NAB Show: 105,000 Close Personal Friends in a New ‘Golden Era’

The show brought a record number of international attendees, 200 new companies among the 1,650 exhibitors, and about 1,300 members of the media.
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NAB staff were all smiles Thursday as they wrapped up the NAB Show, with a robust 105,259 attendees during the most uncertain economic climate in years. The show brought a record number of international attendees, 200 new companies among the 1,650 exhibitors, and about 1,300 members of the media.

The show saw some controversy (provocative statements by actor Tim Robbins) insight from the creators of “Lost,” a packed state-of-the-art theater with, among other things, the latest in 3D—and exhibitors busy with prospective customers well into the show’s final day.

“You build a city, you invite 100,000 of your close personal friends, you welcome them,” said NAB Executive Vice President for Communications Dennis Wharton. “And host them for a week, and do it all over again the next year.”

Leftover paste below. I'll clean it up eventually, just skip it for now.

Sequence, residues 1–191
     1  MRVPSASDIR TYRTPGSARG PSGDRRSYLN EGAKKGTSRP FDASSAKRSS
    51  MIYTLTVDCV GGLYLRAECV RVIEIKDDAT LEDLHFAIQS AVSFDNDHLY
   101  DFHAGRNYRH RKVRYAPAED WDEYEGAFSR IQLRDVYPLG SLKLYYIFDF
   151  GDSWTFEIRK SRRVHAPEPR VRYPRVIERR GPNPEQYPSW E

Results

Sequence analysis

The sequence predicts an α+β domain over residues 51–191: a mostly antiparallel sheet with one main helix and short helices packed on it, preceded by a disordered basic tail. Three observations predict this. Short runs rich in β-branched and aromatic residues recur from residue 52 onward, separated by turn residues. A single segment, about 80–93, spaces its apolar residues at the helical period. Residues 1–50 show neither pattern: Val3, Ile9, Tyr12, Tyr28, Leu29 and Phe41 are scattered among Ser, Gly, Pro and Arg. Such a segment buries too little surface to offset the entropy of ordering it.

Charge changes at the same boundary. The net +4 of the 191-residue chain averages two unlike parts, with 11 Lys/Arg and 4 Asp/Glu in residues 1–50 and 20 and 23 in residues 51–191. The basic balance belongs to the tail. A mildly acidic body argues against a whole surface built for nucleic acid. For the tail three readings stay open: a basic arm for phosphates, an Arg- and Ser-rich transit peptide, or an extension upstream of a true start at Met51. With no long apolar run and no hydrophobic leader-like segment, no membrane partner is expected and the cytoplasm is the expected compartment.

Despite a few high-profile exhibitors who stayed away, the show boasts enormous anchor tenants like Sony and Panasonic. Others on board for just a few years, like Verizon Wireless, reflect the industry’s move toward the distribution channels of the future.

Wharton noted that the breakfast session with the Open Mobile Video Coalition attracted a standing-room-only crowd.

“Five years from now we’ll look back at the 2008 show as the show where the idea of mobile live mobile TV really got its jumpstart,” he said, adding that it’s critical to get a standard done soon and to avoid a VHS–Betamax-type format war.

As director Barry Sonnenfeld noted in his Spotlight Session, movie studios, saddled by massive distribution costs, are going with safe bets like sequels and romantic comedies. Television faces pressure on the other end from YouTube and other low-rent content. The result is innovation on television in shows like “24,” “Lost” and Sonnenfeld’s “Pushing Daisies.”

“The writer’s strike screwed things up royally, so it’s going to take a while to get back into the groove, but I would argue that this is the golden era to a certain degree for high-quality television shows,” Wharton said.